A new study suggests that taking a few minutes to engage in positive psychology exercises can significantly increase in-the-moment happiness in adults recovering from substance use disorders.
The findings are published online in the Journal of Substance Abuse Treatment.
“Addiction scientists are increasingly moving beyond the traditional focus on reducing or eliminating substance use by advocating treatment protocols that encompass quality of life. Yet orchestrated positive experiences are rarely incorporated into treatment for those with substance use disorders,” said lead author Bettina B. Hoeppner, Ph.D., senior research scientist at the Massachusetts General Hospital (MGH) Recovery Research Institute.
Through a randomized online survey, more than 500 adults who reported current or previous struggles with substance use were assigned one of five short, text-based exercises that took an average of four minutes to complete.
Participants reported the biggest increases in happiness after completing an exercise called “Reliving Happy Moments,” in which they chose one of their own photos that captured a happy moment and entered text describing what was happening in the picture.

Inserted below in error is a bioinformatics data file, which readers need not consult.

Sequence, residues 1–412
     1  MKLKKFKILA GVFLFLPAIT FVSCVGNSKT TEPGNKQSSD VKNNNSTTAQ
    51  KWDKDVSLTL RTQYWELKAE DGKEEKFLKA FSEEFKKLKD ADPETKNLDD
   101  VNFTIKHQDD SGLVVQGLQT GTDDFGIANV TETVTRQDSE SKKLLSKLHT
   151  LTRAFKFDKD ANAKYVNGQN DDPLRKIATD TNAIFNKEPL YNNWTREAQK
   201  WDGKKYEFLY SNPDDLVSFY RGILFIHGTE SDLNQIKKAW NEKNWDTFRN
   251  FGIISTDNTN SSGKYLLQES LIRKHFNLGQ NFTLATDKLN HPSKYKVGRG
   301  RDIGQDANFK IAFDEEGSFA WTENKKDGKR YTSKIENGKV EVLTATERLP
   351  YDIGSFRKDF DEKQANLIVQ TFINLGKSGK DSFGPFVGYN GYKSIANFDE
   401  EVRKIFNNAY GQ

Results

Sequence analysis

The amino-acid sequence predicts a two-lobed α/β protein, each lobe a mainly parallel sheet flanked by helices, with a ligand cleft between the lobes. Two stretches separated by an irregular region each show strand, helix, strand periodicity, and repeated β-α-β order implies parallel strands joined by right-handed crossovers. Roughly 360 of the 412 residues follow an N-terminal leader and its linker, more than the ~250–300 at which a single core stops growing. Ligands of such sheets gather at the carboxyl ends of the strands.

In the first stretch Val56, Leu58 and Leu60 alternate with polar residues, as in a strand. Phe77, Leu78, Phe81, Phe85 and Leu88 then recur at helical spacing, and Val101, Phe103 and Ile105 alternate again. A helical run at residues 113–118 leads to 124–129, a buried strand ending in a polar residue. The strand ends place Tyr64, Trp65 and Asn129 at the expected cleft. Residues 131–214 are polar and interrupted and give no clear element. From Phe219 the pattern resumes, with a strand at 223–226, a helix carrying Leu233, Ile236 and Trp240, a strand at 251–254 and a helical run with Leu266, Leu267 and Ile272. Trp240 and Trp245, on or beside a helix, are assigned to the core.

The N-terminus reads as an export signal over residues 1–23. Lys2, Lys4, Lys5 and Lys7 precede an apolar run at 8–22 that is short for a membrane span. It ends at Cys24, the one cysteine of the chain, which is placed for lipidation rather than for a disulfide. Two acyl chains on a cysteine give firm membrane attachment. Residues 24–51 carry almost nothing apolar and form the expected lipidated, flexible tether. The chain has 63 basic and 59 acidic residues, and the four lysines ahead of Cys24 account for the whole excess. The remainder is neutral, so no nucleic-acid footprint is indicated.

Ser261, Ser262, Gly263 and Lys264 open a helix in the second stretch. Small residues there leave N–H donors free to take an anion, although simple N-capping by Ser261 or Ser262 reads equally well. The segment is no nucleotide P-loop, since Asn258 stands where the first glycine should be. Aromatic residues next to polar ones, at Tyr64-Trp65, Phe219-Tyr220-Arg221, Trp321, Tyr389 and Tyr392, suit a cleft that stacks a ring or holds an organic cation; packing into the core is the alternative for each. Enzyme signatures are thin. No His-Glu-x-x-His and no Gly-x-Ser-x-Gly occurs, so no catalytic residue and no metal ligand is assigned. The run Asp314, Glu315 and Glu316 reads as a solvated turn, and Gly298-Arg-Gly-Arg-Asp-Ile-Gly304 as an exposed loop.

An exercise called “Savoring,” in which respondents described two positive experiences they had encountered during the previous day, led to the next highest gains in happiness. This was followed by “Rose, Thorn, Bud,” in which they listed a highlight and a challenge of the preceding day and a pleasure they anticipated the following day.
In contrast, an exercise called “3 Hard Things,” in which participants wrote about challenges they had faced during the previous day, led to a significant decrease in happiness.
The researchers note that the ease of use and effectiveness of these positive psychology exercises suggest they may be promising tools for boosting happiness levels during treatment, which may help support long-term recovery.
“These findings underscore the importance of offsetting the challenges of recovery with positive experiences,” said Hoeppner, an associate professor of psychology in the department of psychiatry at Harvard Medical School.
“Recovery is hard, and for the effort to be sustainable, positive experiences need to be attainable along the way.”
Substance use disorders occur when the recurrent use of alcohol and/or drugs causes clinically significant impairment, including health problems, disability, and failure to meet major responsibilities at work, school, or home, according to the Substance Abuse and Mental Health Services Administration (SAMHSA).
Source: Massachusetts General Hospital